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by Gary An, MD (Submitted: 06/08/2006)

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Download DiffusionWithMembraneAsTurtle1
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This is a simple model that looks at diffusion of molecules with and without the presence of a membrane with variable permeability. It also includes a very abstracted active transport pump that counteracts the permeability limitations of the membrane. Of note, this model is "intentionally" not refined, to allow for planned input/improvement via student interactions. Of note, this version uses a membrane made from turtles.


The "world" is a container that can be divided into two by adding a membrane. Molecules are represented by circular agents that are added at the bottom screen edge via a button "add-molecule1" or "-2". The molecules have a random movement pattern, and upon initial addition of molecules they will diffuse to fill the space. With the addition of the membrane there is a barrier to this initial diffusion, and dependent upon the set permeability for the membrane it will take longer or shorter to reach equilibrium. The permeability represents a percentage likelyhood that a molecule will pass. The additon of the "Molecule1-pump" allows uni-drectional (from "above" to "below") complete permeability to molecule1.
On the plots the blue line represents the number of molecules (either molecule1 or total) below the membrane, the red line the number of molecules above.
The varible "Osmolality" is a density function of the total number of molecules in each compartment. With the slider "mode" turned to 1 the different compartments will scale to a shade of green dependent upon their osmolality (lighter shade = higher osmolality, darker shade = lower osmolality).


To start, use the "molecule-amount" sliders to set the number of molecules created per patch. Then hit "setup," "add-molecules" to set initial conditions. You can add the membrane and molecule1-pump at the same time. You can set the "mode" to the right of the screen. Hit "go" to go. You can also add molecules during the run as well. You can also change the membrane permeability to either molecule during the run as well.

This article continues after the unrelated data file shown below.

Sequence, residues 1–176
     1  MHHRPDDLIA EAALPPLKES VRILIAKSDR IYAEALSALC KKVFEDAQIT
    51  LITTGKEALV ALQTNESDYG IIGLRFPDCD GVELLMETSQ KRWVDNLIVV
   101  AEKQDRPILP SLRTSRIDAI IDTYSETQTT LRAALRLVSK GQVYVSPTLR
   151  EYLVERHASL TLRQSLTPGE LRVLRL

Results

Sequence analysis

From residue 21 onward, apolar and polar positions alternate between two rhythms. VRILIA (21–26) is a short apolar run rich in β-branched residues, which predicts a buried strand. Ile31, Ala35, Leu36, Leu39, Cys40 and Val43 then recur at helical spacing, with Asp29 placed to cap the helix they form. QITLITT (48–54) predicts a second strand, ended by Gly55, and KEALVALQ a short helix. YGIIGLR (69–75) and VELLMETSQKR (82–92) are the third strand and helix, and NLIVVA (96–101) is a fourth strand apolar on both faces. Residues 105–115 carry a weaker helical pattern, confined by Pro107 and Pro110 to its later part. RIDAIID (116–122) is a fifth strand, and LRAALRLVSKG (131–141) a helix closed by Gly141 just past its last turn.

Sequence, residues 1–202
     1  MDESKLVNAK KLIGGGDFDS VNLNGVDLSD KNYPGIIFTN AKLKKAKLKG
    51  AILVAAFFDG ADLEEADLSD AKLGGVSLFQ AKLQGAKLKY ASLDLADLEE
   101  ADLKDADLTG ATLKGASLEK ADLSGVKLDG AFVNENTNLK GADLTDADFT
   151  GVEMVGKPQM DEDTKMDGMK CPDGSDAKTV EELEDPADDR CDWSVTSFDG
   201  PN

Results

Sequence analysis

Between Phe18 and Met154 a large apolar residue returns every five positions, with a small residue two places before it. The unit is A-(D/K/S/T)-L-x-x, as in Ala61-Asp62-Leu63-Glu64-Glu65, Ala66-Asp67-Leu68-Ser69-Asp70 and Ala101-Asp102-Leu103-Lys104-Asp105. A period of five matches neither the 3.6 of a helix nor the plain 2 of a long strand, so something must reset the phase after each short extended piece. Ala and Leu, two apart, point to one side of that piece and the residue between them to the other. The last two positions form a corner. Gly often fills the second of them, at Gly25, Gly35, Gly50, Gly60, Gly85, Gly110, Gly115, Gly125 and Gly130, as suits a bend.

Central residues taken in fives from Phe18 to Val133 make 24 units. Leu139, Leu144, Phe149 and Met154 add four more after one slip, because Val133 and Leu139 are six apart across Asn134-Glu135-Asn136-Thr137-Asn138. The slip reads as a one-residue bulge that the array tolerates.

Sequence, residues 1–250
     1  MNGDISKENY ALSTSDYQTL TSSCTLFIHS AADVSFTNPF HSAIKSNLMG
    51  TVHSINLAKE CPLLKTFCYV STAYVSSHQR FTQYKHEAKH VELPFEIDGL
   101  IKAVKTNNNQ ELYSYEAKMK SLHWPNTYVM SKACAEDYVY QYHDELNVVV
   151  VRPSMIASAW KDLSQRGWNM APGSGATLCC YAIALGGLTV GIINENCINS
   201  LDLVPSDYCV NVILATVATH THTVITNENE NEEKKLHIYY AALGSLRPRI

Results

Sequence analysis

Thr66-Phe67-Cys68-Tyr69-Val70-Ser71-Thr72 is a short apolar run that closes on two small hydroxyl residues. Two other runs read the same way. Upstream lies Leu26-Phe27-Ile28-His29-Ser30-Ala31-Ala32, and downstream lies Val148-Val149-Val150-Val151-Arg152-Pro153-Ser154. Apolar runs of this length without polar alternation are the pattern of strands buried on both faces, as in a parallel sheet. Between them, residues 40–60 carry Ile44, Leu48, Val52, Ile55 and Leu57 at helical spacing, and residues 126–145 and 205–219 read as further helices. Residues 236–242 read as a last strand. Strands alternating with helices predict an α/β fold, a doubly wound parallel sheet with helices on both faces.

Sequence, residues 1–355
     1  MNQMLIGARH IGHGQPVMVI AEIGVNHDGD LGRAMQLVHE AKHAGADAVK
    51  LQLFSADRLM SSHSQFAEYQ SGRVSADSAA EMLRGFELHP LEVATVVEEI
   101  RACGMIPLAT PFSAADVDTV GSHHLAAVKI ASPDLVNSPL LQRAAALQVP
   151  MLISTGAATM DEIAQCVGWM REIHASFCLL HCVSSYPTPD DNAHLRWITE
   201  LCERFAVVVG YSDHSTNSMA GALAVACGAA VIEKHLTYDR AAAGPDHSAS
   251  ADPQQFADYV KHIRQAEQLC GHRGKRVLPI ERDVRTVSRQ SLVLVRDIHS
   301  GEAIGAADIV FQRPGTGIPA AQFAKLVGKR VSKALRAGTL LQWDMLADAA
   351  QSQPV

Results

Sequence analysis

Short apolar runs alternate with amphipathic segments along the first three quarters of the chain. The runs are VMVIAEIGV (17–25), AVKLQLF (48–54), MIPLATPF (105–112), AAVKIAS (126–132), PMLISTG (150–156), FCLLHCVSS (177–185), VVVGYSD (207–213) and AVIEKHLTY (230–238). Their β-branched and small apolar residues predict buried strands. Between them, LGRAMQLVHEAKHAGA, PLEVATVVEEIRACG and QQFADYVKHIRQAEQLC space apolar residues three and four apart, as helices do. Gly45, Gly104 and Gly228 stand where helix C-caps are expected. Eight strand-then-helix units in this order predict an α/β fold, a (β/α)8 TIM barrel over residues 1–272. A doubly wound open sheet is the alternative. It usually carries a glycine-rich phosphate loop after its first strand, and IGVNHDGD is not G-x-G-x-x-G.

Notice the diffusion pattern after initial addition of molecule. The movement of the front egde of the particle "wave" looks volitional, but it is a byproduct of the random movement of particles from a higher concentration to a lower one.
Notice the effect of a membrane on the rate of this diffusion. However, also notice that irrespective of the degree of permeability (as long as it is > 0) the system will eventually go to equilibrium. The time to this point, however, is a function of the set permeabilty.
Noice that in order to reinforce any gradient there must be active transport with the molecule1-pump.
Notice that with permeabilty = 100 the molecule-pump has no significant effect.
Switching the "mode" to 1 to scale the background to the osmolality allows you to see the differential gradient enforced by the membrane more clearly.


You can add different numbers of molecules to see if there is a change in the time to equilibrium (would you expect there to be any effect?)
You can change the permeability for molecule1 during a run to simulate a membrane depolarization and then re-establishment of the gradient with molecule1-pump.


Note that in this model the calculations for "osmolality-above" and "osmolality-below" assume the fixed sizes of the two chambers. Similarly, in "mode" = 1 the areas scaled to osmolality are constant. However, you can adjust the placement of the membrane to see the effect of unequal chambers.
You can try adjusting the code to dynamically change the relative size of the chambers to keep osmolality constant. This would simulate the "swelling" of a cell in whom its cell membrane becomes more permeable to water.
You can add additional molecule pumps, perhaps requiring an "energy-consumption" function.
You can add enzyme kinetics between the existing molecules to produce a third molecule species with different permeability/molecular transport pumps.
You can link enzyme kinetics to allow for one of the species of molecules to be the "energy source" for an "energy-consumption" molecule transport pump.
The membrane is currently a patch-based agentset. You can use turtles for this instead to make the membrane spatially dynamic (i.e. shifting to adjust the relative sizes of the chambers in cases with a constant osmolality).
This model could be expanded to simulate virtually any membrane transport/cell surface receptor function.


This model uses the classic "wiggle" code for random movement.
This model uses the code sequence to bounce turtles off barriers (in "to go" => ask molecule1)
This model uses the "mode" slider to scale pcolor to a different variable. I have used multiply expanded versions of "mode" and "set-scale-pc" to check patch variable distributions in models with multiple patch variables as a debugging tool.


This model was developed by Gary An, MD. At time of development he was in the Department of Trauma, Cook County Hospital, Chicago, IL, USA. Email any questions or comments to

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